Mexico Estate Planning Attorneys Lawyers

 

Mexico Estate Planning


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Have you purchased real estate in Mexico or are considering doing so?


Do you have an estate plan in the United States but not in Mexico?


Are you interested in protecting your family from an expensive and lengthy probate of your estate in Mexico?


If your answer to any of these questions is yes we may be able to help you. Contact us now. 


Call us at: (619) 342-1422


E-mail us at:

mexico@maldonadomarkham.com


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Wills in Mexico

 

A will in Mexico, or "testamento" in Spanish, is a legal declaration through which a person designates someone to manage their estate and provides for the distribution of his or her property upon death.


The Civil Codes of the various states and the Federal District in Mexico regulate wills in Mexico. Each state has its own nuances and requirements for drafting a will. In most states there are several ways to draft wills. Some types have advantages over others. Some types of wills should not be used at all.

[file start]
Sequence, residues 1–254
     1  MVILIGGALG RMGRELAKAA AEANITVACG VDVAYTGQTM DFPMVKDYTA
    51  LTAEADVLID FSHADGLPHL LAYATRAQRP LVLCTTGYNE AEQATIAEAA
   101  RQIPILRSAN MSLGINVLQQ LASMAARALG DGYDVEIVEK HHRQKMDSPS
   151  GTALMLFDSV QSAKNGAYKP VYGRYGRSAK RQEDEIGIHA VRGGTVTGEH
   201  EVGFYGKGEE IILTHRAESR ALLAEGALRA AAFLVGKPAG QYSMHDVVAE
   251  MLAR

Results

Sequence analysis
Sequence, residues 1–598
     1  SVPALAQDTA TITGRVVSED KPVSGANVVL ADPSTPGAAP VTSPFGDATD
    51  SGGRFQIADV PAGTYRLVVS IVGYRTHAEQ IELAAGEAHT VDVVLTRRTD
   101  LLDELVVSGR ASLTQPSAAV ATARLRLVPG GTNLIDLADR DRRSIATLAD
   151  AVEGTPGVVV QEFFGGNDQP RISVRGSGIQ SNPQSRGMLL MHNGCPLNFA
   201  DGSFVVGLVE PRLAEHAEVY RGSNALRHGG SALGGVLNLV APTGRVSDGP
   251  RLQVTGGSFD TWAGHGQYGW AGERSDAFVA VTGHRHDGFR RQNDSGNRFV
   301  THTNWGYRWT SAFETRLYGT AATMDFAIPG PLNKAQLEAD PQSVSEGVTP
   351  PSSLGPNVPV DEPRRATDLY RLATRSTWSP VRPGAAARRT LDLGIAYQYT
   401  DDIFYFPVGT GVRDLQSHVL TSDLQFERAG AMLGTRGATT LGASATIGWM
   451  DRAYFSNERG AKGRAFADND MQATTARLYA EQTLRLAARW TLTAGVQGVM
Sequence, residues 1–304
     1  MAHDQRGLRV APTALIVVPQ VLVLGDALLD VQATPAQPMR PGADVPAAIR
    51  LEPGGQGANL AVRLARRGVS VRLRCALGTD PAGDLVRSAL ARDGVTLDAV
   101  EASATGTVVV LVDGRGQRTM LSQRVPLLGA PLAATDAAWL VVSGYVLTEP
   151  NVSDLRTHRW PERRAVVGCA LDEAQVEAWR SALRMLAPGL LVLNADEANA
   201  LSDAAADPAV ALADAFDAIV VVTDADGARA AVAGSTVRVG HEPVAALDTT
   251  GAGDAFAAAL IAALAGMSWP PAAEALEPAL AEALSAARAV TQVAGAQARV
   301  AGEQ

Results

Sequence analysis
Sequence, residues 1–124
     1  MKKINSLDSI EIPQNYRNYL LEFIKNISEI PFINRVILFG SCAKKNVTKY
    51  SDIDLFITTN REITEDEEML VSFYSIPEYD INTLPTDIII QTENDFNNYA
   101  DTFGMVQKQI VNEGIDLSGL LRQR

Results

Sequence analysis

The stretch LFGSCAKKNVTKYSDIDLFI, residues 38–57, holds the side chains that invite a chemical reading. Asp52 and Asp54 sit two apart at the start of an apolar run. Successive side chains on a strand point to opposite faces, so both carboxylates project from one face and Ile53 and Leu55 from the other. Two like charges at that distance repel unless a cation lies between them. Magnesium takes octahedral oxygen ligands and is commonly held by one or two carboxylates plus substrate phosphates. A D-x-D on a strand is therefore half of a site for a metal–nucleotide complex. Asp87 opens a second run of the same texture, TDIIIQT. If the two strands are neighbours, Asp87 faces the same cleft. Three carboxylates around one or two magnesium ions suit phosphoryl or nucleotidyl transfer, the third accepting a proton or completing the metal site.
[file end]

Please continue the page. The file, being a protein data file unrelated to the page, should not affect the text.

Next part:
Most states in Mexico recognize a will that was prepared outside of Mexico as valid if it is valid in the country and state in which it was drafted and executed. However, proving the validity of the foreign will to Mexican courts can sometimes be extremely difficult and expensive.


Generally, if there is no will the default probate rules of the applicable Civil Code for the particular state in which the assets are located will apply. These are called the intestate distribution rules.


The intestate or intestacy rules that apply in most states in Mexico provide that the estate is distributed to the decedent's children and to the surviving spouse. However, it is important to note that under such default rules, a surviving spouse is only entitled to an equal share of the estate that would correspond to an additional child. For example, if in the case of a family of a husband and wife with three children the husband dies then the estate would be divided up in four equal shares, one to each child and one to the surviving spouse. But in some states there are variations of this default rule and some even do not allow a surviving spouse to inherit anything if the decedent had children and the surviving spouse has more assets than a child's share of the decedent's estate.

 

Having a will or a trust that is valid in Mexico prevents the default intestate rules from applying. If you have property in Mexico make sure that you have a will or trust that will transfer such property according to your wishes.


Our law firm can counsel and represent you in preparing a will that is valid under Mexico's laws.

 

Contact us today for a courtesy conference call to discuss your options.